For me, though, it was most symbolised by a meeting of the budgetary committee of the Labor Cabinet on 28 July, 1986, when a collapse in the terms of trade and a run on the dollar in financial markets engendered such a sense of economic crisis that some ministers feared possible intervention by the International Monetary Fund. A decision announced earlier that month to introduce seemingly esoteric changes to the treatment of international capital flows, which would have closed off interest withholding tax exemptions, was hastily reversed in the face of financial market disapproval and foreign investment policy loosened. 

Perhaps more than any other, it was the day improvements in the ‘social wage’ – government spending on health, education, housing and welfare that directly boosted workers’ living standards – fell off the government priority list. Under the Accord with trade unions, the social wage had been near the top of that priority list, but no more. Through the remainder of the 1980s savings were made to social wage programs, product markets were deregulated, ‘competition policy’ reforms were introduced, and public assets were privatised. 

Since then, finance capital has grown in strength. Governments in Australia and around the world have been attracted to ‘market liberal’ policies (sometimes referred to as neo-liberalism). Unions have declined in coverage and influence in the face of increasingly hostile employers under pressure from financiers, indifferent or hostile governments, and their own ‘institutional sclerosis’, as Barbara Pocock described it – their failure to make sufficient internal changes to accommodate the demands of the market liberal era. Globalisation has thus developed in an environment that has been most conducive to the interests of capital, and most antagonistic to the interests of labour.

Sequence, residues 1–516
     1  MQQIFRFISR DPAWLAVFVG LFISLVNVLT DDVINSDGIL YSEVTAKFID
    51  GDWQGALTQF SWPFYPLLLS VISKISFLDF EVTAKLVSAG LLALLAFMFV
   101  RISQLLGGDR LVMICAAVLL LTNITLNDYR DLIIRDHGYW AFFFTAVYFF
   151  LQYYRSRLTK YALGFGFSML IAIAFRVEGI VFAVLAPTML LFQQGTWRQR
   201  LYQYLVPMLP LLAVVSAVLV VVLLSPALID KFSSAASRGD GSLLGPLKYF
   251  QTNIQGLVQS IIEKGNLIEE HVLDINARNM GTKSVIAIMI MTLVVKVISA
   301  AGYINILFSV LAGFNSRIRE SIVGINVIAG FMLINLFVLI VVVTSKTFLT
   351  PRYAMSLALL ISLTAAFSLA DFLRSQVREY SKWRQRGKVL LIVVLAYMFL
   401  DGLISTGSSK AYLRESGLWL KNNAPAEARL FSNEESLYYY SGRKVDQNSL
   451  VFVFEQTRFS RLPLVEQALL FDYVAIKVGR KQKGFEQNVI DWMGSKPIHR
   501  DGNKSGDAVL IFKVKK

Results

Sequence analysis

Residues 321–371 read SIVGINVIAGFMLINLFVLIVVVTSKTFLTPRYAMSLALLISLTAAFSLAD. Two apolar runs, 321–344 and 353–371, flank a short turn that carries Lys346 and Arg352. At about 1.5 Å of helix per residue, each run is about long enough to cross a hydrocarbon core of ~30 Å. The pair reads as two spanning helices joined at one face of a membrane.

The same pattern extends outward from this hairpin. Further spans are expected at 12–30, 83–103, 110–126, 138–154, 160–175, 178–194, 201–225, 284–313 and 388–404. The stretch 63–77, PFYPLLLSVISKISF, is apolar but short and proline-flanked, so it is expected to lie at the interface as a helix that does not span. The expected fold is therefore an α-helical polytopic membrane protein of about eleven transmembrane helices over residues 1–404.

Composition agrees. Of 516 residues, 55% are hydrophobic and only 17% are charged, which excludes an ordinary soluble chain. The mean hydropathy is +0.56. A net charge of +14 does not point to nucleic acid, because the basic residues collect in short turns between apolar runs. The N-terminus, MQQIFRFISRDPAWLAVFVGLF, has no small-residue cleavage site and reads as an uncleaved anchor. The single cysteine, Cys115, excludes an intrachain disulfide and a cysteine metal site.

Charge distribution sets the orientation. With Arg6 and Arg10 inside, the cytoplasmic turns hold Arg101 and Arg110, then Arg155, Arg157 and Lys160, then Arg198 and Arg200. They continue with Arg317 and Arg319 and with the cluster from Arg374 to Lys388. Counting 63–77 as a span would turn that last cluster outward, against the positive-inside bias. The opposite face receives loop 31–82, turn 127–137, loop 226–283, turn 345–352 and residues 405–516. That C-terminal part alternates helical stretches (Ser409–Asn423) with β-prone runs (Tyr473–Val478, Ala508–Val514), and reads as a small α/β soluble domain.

The ‘sliding doors’ portraits of Chris illustrate two alternative visions of the future for Australian workers. Which turns out to be true depends on the choices we make over coming years.

The earlier changes and choices have been followed by many changes in the world of work: changes in employer strategies, in the types of jobs, in the nature of work, in the distribution of income and power. 

IN 1987, WOLFGANG Streeck wrote of how the great ‘uncertainty of management’ was dealing with the ‘management of uncertainty’. Managers have responded – to the volatility of the product markets in which they sell and the financial markets in which their equity and debt are nested – by a range of strategies, some consistent, many contradictory. 

Chief among the consistent strategies is the search for greater flexibility. You hear a lot about employers offering greater flexibility for employees – more choice in their start or finishing times, perhaps in their total hours. This is in response to demands from employees themselves – more on that later. 

But the principal form of flexibility is the flexibility by employees that employers seek, to help employers manage – and shift – their own risk. Sometimes they seek ‘functional’ flexibility – getting employees to take on multiple and quite different tasks and hence skills. Sometimes they seek ‘numerical’ flexibility, meaning that the number of workers, or the number of hours they work, or maybe even their pay rates, move up and down according to the needs of the enterprise. 

For a long time, greater numerical flexibility was seen as an unequivocal plus, creating greater stability, or at least resilience, in labour markets. Governments were encouraged, including by bodies like the Organisation for Economic Cooperation and Development (OECD), to remove restrictions on hours and on hiring and firing, and to attempt to emulate the most flexible of them all – the US labour market, where employers hire and fire ‘at will’. Then the global financial crisis came along, and although Europe experienced a greater fall in economic activity than the USA, it was America that suffered the greater fall in employment. In its biggest test, the theory failed spectacularly. The OECD was having misgivings even before then; after the crisis it recommended governments improve income support and unemployment insurance benefit systems, which it had previously said would decrease flexibility.